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While considering SEO for your website, you must have come across the terms robots.txt file and XML sitemap.

If you are an expert in SEO, you might be aware about how to deal with these files. But for a beginner, though small, but it could be a tricky task as it might hamper the speed and indexing of your web pages.

This blog covers the topic of robots.txt file. XML sitemaps will be covered in the upcoming blog.

Use of robots.txt?

A Web crawler (a.k.a. spider/ spiderbot/ crawler) is an Internet/browser bot that systematically browses/crawls your website for the purpose of Web indexing. Now, as someone clicks on your website, the first step followed by the crawler is to look for the robots.txt file for the specified crawling instructions. Crawlers can crawl all sorts of data such as content, links on a page, broken links, sitemaps, images and HTML codes.

Now, any of the below mentioned cases would arise:

Case 1: Absence of robots.txt file: In this case the crawler gets a thumbs up for crawling each and every page, file and folders of your website and consider them further for indexing.

Case 2: Presence of robots.txt file: In this case the crawler only crawls as per the instructions specified in the file.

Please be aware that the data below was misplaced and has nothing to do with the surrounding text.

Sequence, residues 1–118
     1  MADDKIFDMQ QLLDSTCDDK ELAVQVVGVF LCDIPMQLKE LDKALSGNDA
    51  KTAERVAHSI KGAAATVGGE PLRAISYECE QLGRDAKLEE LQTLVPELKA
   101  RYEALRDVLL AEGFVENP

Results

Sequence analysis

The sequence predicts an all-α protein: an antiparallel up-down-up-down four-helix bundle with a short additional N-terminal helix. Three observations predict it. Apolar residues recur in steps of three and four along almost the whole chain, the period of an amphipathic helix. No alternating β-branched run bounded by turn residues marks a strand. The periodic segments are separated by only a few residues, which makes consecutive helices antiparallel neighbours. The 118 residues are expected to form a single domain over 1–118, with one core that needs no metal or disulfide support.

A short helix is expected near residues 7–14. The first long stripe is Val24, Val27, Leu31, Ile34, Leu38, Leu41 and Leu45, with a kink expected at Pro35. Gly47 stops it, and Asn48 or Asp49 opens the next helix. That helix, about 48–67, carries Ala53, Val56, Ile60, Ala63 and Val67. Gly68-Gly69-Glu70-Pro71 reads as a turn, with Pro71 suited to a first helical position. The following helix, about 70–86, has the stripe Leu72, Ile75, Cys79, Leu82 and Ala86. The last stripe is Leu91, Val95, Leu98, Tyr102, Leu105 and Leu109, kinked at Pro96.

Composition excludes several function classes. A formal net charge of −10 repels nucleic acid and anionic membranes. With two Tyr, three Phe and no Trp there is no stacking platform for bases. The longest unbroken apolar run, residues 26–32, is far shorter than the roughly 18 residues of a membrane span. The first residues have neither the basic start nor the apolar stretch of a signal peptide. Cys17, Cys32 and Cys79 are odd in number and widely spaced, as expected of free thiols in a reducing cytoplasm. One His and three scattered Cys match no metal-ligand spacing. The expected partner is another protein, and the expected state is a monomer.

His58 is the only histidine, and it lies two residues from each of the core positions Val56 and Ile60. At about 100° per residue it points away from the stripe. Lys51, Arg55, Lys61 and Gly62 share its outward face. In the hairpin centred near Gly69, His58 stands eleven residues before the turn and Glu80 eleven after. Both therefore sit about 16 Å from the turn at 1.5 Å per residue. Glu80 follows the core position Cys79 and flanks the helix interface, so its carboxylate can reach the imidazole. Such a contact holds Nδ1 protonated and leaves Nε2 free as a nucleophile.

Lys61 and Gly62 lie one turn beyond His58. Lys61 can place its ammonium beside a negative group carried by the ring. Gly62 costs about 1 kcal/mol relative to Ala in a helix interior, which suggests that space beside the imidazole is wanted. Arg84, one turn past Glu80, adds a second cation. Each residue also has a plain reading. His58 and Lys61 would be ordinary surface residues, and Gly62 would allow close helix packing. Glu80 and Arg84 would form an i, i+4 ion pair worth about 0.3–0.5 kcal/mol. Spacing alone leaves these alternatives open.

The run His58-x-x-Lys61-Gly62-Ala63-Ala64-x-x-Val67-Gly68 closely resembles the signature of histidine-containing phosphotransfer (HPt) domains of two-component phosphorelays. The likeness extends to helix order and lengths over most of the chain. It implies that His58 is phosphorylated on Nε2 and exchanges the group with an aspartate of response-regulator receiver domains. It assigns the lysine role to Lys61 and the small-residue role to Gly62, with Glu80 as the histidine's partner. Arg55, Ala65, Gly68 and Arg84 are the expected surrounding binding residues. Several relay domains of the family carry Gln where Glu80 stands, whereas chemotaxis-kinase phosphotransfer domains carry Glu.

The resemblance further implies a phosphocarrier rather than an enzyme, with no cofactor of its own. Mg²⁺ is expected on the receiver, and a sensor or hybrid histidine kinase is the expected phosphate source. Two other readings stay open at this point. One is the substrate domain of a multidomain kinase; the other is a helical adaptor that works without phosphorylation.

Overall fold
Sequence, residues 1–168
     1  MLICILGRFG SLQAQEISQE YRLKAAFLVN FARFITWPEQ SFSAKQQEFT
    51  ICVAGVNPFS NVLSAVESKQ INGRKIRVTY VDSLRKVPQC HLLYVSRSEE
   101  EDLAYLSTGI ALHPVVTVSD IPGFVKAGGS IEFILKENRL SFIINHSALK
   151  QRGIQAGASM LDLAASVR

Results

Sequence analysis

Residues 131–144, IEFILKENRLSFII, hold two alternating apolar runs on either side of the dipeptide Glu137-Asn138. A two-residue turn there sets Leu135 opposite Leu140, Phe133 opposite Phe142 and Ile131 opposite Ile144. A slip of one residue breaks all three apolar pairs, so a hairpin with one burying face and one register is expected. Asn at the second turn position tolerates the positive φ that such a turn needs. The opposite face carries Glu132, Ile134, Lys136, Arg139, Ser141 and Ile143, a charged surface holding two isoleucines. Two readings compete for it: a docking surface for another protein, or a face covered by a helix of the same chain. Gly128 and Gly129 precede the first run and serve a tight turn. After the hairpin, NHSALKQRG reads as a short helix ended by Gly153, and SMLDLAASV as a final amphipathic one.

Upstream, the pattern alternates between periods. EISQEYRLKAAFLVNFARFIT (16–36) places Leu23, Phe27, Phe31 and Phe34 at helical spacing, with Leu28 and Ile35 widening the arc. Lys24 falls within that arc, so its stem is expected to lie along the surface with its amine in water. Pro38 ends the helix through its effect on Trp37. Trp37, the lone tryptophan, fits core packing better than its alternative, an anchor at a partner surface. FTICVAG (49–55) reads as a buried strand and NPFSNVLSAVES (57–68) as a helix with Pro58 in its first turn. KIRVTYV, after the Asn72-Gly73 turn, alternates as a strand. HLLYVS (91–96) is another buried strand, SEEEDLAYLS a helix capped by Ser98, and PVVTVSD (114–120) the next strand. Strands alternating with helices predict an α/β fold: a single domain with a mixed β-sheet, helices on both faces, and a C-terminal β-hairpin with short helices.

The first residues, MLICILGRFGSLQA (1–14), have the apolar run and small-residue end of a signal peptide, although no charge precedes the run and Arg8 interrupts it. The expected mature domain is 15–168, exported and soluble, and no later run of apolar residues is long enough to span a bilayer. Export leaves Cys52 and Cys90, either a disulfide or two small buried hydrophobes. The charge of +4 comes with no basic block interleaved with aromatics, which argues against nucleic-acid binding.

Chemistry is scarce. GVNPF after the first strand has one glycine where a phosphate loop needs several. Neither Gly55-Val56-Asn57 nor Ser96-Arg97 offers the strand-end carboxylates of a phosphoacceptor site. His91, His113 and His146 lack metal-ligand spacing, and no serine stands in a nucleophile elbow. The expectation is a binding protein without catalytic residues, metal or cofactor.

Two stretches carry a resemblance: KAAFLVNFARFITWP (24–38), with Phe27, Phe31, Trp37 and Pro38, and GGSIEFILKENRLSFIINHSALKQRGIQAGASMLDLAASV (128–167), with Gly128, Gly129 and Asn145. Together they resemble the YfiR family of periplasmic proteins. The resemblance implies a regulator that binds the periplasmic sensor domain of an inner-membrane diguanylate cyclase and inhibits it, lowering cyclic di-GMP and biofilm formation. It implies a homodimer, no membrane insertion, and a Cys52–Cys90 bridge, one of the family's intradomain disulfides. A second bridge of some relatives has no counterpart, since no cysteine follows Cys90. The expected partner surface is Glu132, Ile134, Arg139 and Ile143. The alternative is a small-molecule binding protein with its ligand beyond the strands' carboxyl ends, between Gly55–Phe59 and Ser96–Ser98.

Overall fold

General terms involved:

1: User-agent: Every browser has its own crawler bot. In case you only want to allow any specific crawler to index your website, it has to be specified. It is always advised to check your web server logs to see how often they are actually crawling your site. List of Crawlers

2: User-agent*: This command states that every crawler available is allowed to crawl the website and every page is allowed for the crawling purpose.

Example 1:

User-agent: *


Here you are not blocking any content/data on your website from the crawlers.

Example 2:

User-agent: *

Disallow: /

Here you are blocking the entire data on your website from the crawlers.

Example 3:

User-agent: *

Disallow: /folder/

Allow: /folder/file/

If you are blocking a folder but want its particular file to be available for crawling, you need to use the above syntax.

You can use this syntax to allow or disallow any folder/ file/ links/ sitemaps.

robots.txt for WordPress

Though initially used as a tool for blogging, today over 36% websites are built on WordPress. Hence, the pointers included below would help you in creating robots.txt file for any WordPress website.

User-agent: *

Disallow: /wp-admin/

Allow: /wp-content/uploads/

Disallow: /wp-content/plugins/

Disallow: /readme.html/

Disallow: /wp-content/themes/

Sitemap: https://www.example.com/sitemap.xml

Above is a basic structure of robots.txt for any WordPress website. You can ofcourse allow or disallow any folder/file/image as required.


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